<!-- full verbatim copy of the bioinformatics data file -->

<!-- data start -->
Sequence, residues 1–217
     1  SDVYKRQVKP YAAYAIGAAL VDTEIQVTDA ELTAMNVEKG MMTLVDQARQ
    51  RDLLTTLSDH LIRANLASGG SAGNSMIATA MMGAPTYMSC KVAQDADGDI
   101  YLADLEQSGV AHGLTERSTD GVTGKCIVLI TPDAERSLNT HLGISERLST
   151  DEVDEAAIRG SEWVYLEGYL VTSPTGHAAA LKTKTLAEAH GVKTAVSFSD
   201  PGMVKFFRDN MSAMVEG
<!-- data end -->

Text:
Sequence, residues 1–217
     1  SDVYKRQVKP YAAYAIGAAL VDTEIQVTDA ELTAMNVEKG MMTLVDQARQ
    51  RDLLTTLSDH LIRANLASGG SAGNSMIATA MMGAPTYMSC KVAQDADGDI
   101  YLADLEQSGV AHGLTERSTD GVTGKCIVLI TPDAERSLNT HLGISERLST
   151  DEVDEAAIRG SEWVYLEGYL VTSPTGHAAA LKTKTLAEAH GVKTAVSFSD
   201  PGMVKFFRDN MSAMVEG